yih ba;xt-e sabz dekho baa;G-e zamaanah me;N se
pazhmurdah gul bhii apnii dastaar tak nah pahu;Nchaa

1) look at this evil/'green' fortune-- from within the garden of the world/age
2) not even a withered rose arrived as far as my turban-sash



pazhmurdah : 'Withered, faded, pallid, drooping, blighted, decayed; frozen, numbed'. (Platts p.261)


dastaar : 'A sash or fine muslin cloth wrapped round a turban'. (Platts p.516)

S. R. Faruqi:

ba;xt-e sabz = ill-fortune

The use here of ba;xt-e sabz is very fine. The rest of the wordplay is clear.

He has expressed a similar theme, in the first divan itself, like this [{507,5}]:

pazhmurdah bahut hai gul-e gulzaar hamaaraa
sharmindah-e yak goshah-e dastaar nah hove

[the rose of our garden is very drooping/withered
may it not be shamed in a single corner of the turban-sash]

Momin has composed a good ghazal in this 'ground'. In one verse of it the 'rose' and the 'turban-sash' have also been included. But a 'mood' like Mir's is not there:

be-ba;xt rang-e ;xuubii kis kaam kaa kih mai;N to
thaa gul vale kisii kii dastaar tak nah pahu;Nchaa

[without fortune, of what use is the style of excellence-- for I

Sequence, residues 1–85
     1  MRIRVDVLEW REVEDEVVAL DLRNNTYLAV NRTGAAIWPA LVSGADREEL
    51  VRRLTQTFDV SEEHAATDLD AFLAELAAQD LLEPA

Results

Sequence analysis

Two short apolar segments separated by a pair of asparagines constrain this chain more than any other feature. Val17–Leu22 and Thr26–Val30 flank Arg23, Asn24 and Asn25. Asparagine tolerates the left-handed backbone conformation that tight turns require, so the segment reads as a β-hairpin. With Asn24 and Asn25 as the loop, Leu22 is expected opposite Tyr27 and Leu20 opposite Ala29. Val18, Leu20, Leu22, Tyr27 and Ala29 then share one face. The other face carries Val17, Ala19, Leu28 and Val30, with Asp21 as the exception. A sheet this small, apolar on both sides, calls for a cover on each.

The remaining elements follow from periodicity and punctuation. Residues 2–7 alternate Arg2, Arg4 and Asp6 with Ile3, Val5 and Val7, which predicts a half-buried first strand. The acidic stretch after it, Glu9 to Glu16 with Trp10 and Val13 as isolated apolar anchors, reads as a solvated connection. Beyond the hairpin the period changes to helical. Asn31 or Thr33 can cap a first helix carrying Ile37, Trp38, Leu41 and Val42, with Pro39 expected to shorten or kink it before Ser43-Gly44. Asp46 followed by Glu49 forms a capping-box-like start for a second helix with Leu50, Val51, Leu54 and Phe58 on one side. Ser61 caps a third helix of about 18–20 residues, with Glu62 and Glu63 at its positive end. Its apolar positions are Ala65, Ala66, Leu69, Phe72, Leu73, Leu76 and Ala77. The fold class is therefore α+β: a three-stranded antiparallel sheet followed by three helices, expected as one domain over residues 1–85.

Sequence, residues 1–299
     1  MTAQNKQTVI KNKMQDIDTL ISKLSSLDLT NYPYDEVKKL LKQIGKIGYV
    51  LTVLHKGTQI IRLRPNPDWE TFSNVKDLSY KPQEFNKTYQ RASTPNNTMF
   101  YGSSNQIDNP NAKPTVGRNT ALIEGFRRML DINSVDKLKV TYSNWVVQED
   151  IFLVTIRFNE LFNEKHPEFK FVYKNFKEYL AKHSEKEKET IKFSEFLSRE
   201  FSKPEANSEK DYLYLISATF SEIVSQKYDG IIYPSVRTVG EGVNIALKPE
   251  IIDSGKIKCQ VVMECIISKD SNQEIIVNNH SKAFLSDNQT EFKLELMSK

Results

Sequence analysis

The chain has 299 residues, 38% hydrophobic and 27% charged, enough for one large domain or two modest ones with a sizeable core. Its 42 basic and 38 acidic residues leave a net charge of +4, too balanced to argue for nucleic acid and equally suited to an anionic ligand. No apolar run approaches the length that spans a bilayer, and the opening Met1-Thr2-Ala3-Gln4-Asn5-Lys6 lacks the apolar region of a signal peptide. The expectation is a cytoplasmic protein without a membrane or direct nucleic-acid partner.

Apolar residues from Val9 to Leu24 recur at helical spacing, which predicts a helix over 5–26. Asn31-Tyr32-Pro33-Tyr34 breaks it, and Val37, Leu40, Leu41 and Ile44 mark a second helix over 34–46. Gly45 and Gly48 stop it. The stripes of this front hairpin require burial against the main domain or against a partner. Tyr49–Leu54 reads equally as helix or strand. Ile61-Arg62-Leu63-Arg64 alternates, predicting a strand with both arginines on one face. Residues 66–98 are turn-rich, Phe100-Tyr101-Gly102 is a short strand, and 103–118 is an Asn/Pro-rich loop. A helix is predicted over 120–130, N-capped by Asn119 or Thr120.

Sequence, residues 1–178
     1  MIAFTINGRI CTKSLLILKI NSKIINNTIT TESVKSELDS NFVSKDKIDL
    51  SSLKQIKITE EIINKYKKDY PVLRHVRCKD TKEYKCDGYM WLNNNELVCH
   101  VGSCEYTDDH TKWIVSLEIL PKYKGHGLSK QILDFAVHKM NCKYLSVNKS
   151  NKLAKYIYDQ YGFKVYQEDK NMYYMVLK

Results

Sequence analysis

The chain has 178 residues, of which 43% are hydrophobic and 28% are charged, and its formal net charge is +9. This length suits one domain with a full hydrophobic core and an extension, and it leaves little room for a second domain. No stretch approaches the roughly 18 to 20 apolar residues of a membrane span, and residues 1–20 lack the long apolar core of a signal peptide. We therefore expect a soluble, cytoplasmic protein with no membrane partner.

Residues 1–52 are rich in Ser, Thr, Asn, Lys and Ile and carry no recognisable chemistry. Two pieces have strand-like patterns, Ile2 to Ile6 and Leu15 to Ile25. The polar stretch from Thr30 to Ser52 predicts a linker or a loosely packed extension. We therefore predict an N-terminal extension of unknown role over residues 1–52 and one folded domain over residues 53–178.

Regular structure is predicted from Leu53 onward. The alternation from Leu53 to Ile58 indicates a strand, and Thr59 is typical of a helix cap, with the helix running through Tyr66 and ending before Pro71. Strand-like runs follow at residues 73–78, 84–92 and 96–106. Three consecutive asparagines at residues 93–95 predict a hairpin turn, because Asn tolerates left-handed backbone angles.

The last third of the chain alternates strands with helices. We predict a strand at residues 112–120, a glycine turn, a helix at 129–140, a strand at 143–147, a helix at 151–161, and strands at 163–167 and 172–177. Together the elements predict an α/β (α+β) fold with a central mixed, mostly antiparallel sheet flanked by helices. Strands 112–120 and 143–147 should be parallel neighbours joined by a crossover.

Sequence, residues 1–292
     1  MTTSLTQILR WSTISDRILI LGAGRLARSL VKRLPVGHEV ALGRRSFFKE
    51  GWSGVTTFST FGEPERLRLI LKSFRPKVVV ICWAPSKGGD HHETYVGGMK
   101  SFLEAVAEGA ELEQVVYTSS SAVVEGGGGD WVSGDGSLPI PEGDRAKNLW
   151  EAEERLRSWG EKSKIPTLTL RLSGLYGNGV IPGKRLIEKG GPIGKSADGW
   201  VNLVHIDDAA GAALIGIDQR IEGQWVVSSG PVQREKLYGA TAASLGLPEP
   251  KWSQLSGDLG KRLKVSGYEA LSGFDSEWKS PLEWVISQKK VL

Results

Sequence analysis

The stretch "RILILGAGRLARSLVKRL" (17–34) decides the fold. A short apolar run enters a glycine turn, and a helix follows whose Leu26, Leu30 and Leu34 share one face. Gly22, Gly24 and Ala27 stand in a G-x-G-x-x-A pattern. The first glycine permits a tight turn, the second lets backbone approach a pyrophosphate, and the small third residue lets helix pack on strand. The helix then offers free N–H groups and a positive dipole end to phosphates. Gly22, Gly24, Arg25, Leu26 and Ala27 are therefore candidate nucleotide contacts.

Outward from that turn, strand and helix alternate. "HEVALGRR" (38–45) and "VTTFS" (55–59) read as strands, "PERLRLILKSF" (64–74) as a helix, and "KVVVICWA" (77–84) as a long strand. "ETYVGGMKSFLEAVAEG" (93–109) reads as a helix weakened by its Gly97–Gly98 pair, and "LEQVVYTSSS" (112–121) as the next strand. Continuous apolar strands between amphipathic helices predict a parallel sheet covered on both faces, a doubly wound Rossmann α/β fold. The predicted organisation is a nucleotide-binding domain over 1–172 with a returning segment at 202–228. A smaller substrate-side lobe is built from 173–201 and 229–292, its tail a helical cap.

was a rose but didn't arrive at anyone's turban-sash



The 'garden' wordplay, with the 'green' fortune not bestowing even a 'withered' rose, is also enjoyable. The idiomatic sense of 'green' as 'evil' is crucial here; how incomprehensible the verse would be without it! Yet idioms like this are the hardest to recover. Fortunately SRF has clarified things, so we're not (in this case) reduced to perplexity or conjecture.

Note for grammar fans: Here apnii has to be taken as short for merii apnii . There are plenty of precedents for this usage; Ghalibian examples can be found in G{15,12}. Here, merii would fit perfectly in the slot that apnii occupies-- so why did Mir not use it? Either it was a matter of indifference to him, or else there was some particular reason for preferring the one to the other. Maybe a subtle phonetic effect?